ChatGPT might be helpful for writing a professionally worded email, or summarizing information from a quick Google Search, but it shouldn’t be used as a sounding board for your new, and potentially valuable, ideas.
The capabilities and availability of AI tools have seemingly exploded overnight with no signs of slowing down. The possibilities for lightening the mental load and removing the tedious tasks from our to-do lists make them an enticing tool.
But…as the use of AI becomes more ubiquitous and more information (and questions) emerges on bots like ChatGPT, IP experts have identified several rather large red flags, which we are waving at our clients in the hopes of highlighting the potential dangers. Before jumping in further, it should be noted that while we reference ChatGPT extensively in this blog post, most, if not all, generative AI tools use similar modes of operation.
ChatGPT hasn’t signed an NDA…
When you task an AI tool with something, it is important to understand where and how ChatGPT is sourcing its outputs and, more importantly, where the information you share with it ultimately ends up. AI doesn’t really create content; it farms it from existing sources.
It has become increasingly evident, that companies should take great care to:
- Ensure that they are not feeding sensitive information into AI prompts/tools
- Ensure that they are not using information that has been “generated” by AI to develop their products or services
- Ensure that they are not infringing on someone else’s copyrights
…So why would you share corporate secrets?
Consider this cautionary tale: back in April 2023, Samsung made headlines when it was discovered that several of its employees had been inputting highly sensitive data into ChatGPT to help identify bugs and fix problems with their code. The same code that makes up part of Samsung’s lucrative IP portfolio. ChatGPT now has unfettered access to those trade secrets, patentable computer-implemented methods, and the like, having added them to its database, to use to further train itself.
Tech giant Amazon recently issued a warning to its employees about ChatGPT, cautioning them from sharing sensitive information with the AI bot. Their concerns include not only sharing sensitive code, but also with employees relying on ChatGPT to solve problems when it may have learned false or incorrect information, particularly from competitors.
If you (or anyone in your organization) use ChatGPT in the workplace, make sure to consider: Are you sending it anything that you wouldn’t send a competitor? Are you sending it anything that provides value to your company? If you are in a management position or are implementing disclosure policies or IT policies and internet-safety policies, consider revising your rules and regulations regarding disclosures. The information that employees are allowed to disclose, whether to a person, to an AI tool, or anywhere else, should be explicitly outlined.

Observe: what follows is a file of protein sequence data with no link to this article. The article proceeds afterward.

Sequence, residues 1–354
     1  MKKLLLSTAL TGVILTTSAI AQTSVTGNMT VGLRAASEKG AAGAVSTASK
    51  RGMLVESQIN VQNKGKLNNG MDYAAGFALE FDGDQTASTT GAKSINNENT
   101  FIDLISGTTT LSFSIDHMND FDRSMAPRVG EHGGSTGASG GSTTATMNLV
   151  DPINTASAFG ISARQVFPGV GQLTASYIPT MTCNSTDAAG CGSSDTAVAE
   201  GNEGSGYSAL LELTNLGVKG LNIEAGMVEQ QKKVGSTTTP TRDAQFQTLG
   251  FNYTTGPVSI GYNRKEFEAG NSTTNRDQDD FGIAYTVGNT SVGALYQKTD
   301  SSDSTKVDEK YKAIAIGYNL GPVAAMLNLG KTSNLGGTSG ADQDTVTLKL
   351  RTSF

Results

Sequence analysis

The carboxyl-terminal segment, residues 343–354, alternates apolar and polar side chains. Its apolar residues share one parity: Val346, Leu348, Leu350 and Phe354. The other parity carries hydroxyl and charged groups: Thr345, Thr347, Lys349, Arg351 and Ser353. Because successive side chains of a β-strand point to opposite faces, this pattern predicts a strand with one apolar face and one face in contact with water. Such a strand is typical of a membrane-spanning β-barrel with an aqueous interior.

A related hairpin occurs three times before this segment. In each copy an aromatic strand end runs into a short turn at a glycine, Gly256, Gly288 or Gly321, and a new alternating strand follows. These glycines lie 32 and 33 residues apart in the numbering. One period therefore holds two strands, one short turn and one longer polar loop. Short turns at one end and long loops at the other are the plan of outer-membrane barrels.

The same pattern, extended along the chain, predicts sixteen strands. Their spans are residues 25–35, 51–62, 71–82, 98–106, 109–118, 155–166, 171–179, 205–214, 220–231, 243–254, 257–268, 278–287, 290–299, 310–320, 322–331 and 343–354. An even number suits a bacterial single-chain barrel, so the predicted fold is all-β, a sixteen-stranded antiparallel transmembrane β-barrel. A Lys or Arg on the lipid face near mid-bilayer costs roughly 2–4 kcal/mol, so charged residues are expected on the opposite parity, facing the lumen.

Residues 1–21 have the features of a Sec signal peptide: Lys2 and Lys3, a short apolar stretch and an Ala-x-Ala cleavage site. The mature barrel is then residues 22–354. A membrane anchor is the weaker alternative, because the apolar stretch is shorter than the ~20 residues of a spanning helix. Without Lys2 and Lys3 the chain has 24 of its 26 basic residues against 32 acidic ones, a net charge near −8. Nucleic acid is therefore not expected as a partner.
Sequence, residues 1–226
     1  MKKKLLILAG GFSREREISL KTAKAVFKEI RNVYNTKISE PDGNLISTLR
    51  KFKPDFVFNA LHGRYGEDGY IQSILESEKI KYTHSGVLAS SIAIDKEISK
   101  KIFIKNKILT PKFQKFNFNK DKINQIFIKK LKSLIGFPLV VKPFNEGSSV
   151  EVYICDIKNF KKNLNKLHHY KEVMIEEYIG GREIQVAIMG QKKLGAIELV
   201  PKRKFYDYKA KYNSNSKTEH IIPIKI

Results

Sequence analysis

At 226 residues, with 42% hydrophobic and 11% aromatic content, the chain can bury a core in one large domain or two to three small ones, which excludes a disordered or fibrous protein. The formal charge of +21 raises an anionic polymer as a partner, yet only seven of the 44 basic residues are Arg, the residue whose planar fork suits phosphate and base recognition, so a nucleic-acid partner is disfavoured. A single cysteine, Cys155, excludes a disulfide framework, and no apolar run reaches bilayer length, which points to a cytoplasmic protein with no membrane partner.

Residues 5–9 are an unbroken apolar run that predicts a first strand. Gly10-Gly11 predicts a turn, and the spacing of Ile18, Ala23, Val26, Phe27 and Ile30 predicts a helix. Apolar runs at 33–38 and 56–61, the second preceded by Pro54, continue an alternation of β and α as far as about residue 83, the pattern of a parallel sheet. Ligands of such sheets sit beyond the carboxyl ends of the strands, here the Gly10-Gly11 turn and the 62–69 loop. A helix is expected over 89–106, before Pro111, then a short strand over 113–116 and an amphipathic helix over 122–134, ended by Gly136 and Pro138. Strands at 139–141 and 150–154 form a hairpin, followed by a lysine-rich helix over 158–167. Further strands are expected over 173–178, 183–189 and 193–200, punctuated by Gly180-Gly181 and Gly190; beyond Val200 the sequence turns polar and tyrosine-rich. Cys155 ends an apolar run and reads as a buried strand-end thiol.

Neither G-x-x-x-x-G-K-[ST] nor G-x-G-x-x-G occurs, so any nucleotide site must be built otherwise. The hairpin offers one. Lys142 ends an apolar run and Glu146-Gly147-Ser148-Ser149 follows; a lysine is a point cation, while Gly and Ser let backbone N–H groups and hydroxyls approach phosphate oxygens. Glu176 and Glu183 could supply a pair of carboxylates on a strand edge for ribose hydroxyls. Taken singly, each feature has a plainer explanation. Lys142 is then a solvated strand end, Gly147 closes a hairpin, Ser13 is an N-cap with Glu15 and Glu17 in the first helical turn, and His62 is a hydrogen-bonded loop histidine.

What about data ownership?
Sharing too much information with ChatGPT is concerning for other reasons too – particularly how that information will be used by the bots in the future and who owns the content generated by the AI tools or even the content that comes out of methods or code that these bots generate for them. Considering how ChatGPT operations, it is not unlikely that it is using copyrighted material in the content it generates without proper licenses or attribution.
It’s possible that using content generated by AI might not be allowed, if the content generated was compiled from sources without proper ownership transfer or permissions from the (human) content creator. Think plagiarism, on a very wide scale- source material is typically not cited by ChatGPT. Authors, comedians, and other artists are beginning to form class-action lawsuits against the makers of ChatGPT for copyright infringement, for feeding the system their copyrighted works.
Information generated by the bot could come from copyrighted or patented material- material which may not have been ChatGPT’s to take or use, producing information that may not be yours to learn. The laws surrounding AI are constantly changing, with some countries even banning it altogether. The laws will continue to evolve meaning you cannot jump in without caution and hope for the best. But you also cannot stay on the sidelines and safely ignore the possibilities. Now is the time to dip your toes in intentionally and ensure that policies, culture and operations include AI considerations to negate potential disruption and headaches.
Better safe than sorry!
Care should be taken when using ChatGPT and other deep learning bots. Information that is input into AI tools could end up in your competitors’ hands. False information may be sent from your competitors into the mysterious chat bot and end up in your employees’ hands. IP rights could wind up unenforceable depending on AI’s role or presence in the process.
At this point, it’s safe to say that AI is here to stay and will only continue to evolve and expand its reach and it will be interesting to see how innovation and IP will be affected. Stratford consistently educates our clients on the importance of disclosure and IT policies in the workplace. We are happy to help our clients access and understand the latest information on how best to protect their intellectual property in a data driven economy and to incorporate AI policies into their IP strategy.
You May Be Interested In:
- Samsung workers made a major error by using ChatGPT (TechRadar)
- Don’t Chat With ChatGPT: Amazon’s Warning To Employees (Medium)
- Who Ultimately Owns Content Generated By ChatGPT And Other AI Platforms? (Forbes)
- These authors say Open AI stole their books to train ChatGPT. Now they’re suing (CBC)
- Sarah Silverman and other bestselling authors sue Meta and OpenAI for copyright infringement (Los Angeles Times)
- Looking Behind the Curtain: Understanding AI’s Potential and Impact (Stratford white paper)